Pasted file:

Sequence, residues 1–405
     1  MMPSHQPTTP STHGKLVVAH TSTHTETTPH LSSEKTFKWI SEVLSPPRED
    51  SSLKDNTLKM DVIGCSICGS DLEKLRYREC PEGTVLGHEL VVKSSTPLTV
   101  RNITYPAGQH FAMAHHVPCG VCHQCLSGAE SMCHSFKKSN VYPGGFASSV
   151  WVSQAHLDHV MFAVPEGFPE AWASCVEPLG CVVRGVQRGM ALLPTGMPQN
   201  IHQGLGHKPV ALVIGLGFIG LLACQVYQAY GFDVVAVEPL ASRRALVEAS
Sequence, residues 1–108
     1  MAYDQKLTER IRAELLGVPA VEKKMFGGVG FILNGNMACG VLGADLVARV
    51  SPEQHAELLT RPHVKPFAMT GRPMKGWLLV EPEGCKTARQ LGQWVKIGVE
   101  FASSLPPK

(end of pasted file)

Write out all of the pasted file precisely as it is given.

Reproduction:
Sequence, residues 1–405
     1  MMPSHQPTTP STHGKLVVAH TSTHTETTPH LSSEKTFKWI SEVLSPPRED
    51  SSLKDNTLKM DVIGCSICGS DLEKLRYREC PEGTVLGHEL VVKSSTPLTV
   101  RNITYPAGQH FAMAHHVPCG VCHQCLSGAE SMCHSFKKSN VYPGGFASSV
   151  WVSQAHLDHV MFAVPEGFPE AWASCVEPLG CVVRGVQRGM ALLPTGMPQN
   201  IHQGLGHKPV ALVIGLGFIG LLACQVYQAY GFDVVAVEPL ASRRALVEAS
Sequence, residues 1–108
     1  MAYDQKLTER IRAELLGVPA VEKKMFGGVG FILNGNMACG VLGADLVARV
    51  SPEQHAELLT RPHVKPFAMT GRPMKGWLLV EPEGCKTARQ LGQWVKIGVE
   101  FASSLPPK